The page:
The overall goals of the Postdoctoral Master of Science Program in Clinical Psychopharmacology are to educate practicing psychologists to work collaboratively with other health care professionals who prescribe medication, to integrate medication and its management in treatment of mental and behavioral disorders, and to prescribe safely and effectively in states and federal agencies that allow psychologists to prescribe. The program conforms to the recommended curriculum of the American Psychological Association. The program curriculum requires 462 hours, including an 18-hour Review Course for the PEP (Psychopharmacology Examination for Psychologists). The curriculum is designed with the rigor and breadth necessary to train professionals in psychopharmacology. At the same time, it focuses on issues central to the clinical demands and interests of practicing psychologists.
The program offers Continuing Education credit for most courses.
Classes are held over the Internet, using a sophisticated real-time interactive system called Elluminate. All classes are live, and will be archived electronically in case a student is not able to attend synchronously. Students participate in classes from their own computer, or, if desired, make personal arrangements with other local students to participate together at the home or office of one of the students. The Elluminate platform provides opportunities for study sessions, chats, sharing of references and related readings, and many other learning resources.
On completion of this Program, students will have a basic understanding of:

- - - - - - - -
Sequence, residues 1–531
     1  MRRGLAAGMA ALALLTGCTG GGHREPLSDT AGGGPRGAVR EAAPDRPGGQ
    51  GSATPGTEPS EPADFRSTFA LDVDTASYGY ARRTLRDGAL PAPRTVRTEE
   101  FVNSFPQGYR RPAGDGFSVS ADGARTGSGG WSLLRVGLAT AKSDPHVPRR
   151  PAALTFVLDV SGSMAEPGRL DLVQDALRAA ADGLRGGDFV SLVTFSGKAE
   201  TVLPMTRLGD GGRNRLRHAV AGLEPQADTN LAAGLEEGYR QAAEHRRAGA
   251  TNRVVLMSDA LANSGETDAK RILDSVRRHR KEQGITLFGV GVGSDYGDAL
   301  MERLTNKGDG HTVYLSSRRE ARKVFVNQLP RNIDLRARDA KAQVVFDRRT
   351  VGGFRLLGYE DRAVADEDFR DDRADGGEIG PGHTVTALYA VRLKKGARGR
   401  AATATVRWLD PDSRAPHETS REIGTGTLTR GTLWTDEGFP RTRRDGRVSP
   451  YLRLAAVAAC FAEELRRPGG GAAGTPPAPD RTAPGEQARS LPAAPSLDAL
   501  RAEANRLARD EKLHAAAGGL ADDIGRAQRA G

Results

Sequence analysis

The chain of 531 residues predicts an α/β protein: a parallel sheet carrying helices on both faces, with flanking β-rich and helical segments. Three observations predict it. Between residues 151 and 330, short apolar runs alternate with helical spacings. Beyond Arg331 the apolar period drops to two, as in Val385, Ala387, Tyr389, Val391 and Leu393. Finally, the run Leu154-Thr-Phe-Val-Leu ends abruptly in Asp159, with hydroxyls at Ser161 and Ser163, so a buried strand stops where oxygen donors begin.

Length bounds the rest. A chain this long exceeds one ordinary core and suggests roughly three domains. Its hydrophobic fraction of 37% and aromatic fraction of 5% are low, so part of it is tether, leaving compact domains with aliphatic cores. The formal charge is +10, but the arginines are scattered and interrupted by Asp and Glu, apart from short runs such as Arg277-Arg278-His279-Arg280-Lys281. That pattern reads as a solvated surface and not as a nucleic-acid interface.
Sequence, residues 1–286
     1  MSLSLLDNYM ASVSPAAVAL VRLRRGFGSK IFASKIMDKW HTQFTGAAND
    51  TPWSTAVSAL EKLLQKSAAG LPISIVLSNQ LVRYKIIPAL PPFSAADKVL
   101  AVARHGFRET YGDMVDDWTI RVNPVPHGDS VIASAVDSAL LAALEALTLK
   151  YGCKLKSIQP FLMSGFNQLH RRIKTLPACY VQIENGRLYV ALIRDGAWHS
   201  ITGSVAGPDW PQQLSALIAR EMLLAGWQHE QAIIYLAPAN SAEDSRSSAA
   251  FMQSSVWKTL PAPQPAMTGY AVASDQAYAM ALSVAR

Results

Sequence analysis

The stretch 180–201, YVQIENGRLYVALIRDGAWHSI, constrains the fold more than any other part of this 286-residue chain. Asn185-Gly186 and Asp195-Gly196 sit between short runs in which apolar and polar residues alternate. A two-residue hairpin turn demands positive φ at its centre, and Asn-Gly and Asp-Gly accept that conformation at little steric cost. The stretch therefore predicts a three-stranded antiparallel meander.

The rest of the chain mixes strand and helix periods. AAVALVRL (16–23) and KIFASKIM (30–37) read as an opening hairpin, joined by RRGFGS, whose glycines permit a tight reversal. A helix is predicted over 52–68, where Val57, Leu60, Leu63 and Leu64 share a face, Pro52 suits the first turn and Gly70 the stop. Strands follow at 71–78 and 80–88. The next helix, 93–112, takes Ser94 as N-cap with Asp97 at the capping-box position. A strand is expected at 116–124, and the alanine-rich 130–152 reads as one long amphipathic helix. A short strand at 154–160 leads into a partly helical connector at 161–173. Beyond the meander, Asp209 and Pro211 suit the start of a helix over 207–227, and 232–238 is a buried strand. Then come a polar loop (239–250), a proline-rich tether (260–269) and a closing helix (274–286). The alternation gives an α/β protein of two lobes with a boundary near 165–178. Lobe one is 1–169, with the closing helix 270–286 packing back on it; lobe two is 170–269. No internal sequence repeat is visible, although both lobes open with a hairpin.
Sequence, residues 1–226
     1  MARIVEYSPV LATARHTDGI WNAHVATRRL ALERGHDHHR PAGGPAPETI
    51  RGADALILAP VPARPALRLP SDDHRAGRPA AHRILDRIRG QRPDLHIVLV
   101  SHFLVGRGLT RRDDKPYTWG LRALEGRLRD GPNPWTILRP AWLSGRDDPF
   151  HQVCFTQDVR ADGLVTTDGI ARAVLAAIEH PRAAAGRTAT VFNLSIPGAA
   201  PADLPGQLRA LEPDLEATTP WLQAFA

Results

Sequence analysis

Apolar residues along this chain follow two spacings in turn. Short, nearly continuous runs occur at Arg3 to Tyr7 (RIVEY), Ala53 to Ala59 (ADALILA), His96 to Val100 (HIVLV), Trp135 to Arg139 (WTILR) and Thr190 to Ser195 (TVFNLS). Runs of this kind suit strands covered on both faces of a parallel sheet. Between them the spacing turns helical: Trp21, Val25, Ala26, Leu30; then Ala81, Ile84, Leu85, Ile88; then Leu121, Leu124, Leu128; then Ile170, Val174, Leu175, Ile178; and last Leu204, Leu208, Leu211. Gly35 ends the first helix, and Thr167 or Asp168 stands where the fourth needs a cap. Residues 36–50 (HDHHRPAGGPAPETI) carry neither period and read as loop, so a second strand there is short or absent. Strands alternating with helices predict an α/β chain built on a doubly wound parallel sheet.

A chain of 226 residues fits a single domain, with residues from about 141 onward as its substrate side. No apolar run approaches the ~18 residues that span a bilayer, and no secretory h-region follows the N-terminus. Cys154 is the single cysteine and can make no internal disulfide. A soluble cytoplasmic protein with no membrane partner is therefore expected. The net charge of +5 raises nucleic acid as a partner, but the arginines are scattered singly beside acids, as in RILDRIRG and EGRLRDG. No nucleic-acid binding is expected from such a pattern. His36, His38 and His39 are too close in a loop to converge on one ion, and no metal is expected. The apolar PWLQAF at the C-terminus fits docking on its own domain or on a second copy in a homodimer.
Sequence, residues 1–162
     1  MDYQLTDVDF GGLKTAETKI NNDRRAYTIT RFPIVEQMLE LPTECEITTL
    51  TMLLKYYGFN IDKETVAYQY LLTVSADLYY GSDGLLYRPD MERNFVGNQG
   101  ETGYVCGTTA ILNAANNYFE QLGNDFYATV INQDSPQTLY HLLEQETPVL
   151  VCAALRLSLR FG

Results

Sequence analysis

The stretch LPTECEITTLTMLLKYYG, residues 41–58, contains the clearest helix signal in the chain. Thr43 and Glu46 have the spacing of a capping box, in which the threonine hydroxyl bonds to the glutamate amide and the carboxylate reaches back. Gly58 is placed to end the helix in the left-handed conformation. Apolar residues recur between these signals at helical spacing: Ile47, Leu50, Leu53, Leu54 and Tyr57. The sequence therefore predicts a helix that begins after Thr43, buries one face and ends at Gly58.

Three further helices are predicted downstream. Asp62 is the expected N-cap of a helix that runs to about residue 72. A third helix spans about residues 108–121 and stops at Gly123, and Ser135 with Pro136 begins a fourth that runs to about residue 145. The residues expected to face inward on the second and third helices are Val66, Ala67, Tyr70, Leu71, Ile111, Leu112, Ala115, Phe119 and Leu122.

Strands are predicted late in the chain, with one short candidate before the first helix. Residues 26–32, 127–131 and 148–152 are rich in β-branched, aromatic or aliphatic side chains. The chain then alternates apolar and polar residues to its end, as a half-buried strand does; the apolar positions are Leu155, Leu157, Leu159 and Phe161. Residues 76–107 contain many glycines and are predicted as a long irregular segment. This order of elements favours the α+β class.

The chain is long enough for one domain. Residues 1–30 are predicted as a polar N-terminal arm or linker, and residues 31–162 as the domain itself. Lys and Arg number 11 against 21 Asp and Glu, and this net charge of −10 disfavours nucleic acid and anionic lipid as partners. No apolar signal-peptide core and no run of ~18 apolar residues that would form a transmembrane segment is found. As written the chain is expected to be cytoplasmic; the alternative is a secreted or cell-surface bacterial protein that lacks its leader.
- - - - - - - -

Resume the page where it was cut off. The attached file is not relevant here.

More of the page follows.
1) The scientific foundations of psychopharmacology, including (but not limited to)
- Biochemical foundations of psychopharmacology
- Normal human anatomy and physiology, specifically the neurological, endocrine, gastrointestinal, metabolic, cardiovascular, immune, respiratory, renal, and reproductive systems
- The relationship of medical disease to psychiatric syndromes and symptoms.
2) The clinical applications of psychopharmacology, including
- Basic classes of prescription medications, over-the-counter medications and herbal and nutritional products, and how these interact with psychopharmacological agents
- The major classes of medications related to mental illness, specifically indications, side effects, toxic effects and discontinuation syndromes, as well as drug-drug interactions
- Use of psychoactive medications with specific populations, including different age and ethnic groups, gender, and co-morbid conditions such as chronic medical disease, chronic pain, chemical dependency, etc.
3) Research and legal/ethical issues related to the practice of psychopharmacology.
Additionally, students will:
- feel sufficiently knowledgeable in psychopharmacology to engage in collaborative assessment and treatment planning with prescribing professionals (or to pursue prescription authority in jurisdictions where it is authorized);
- have sufficient knowledge of psychoactive medications to judge which patients are likely to benefit from pharmacotherapy, and the appropriate medication regimen;
- understand contraindications and risks of psychoactive medication, including in special populations (e.g., age, gender, ethnicity, medical diagnosis);
- be able to use available resources to obtain up-to-date evidence-based information in specific medications and treatment guidelines
Post-Doctoral Master of Science in Clinical Psychopharmacology Faculty: San Francisco
John Bolter, PhD
Thomas Brady, MD
Susana Galle, PhD
Robert McGrath, PhD
Matthew Philpott, PhD
John D. Preston, PsyD
Ruth Roa-Navarrete, PsyD
Merrill Norton, PharmD
Morgan T. Sammons, PhD
E. Alessandra Strada, PhD
Randall Tackett, PhD
Steven R. Tulkin, PhD, Program Director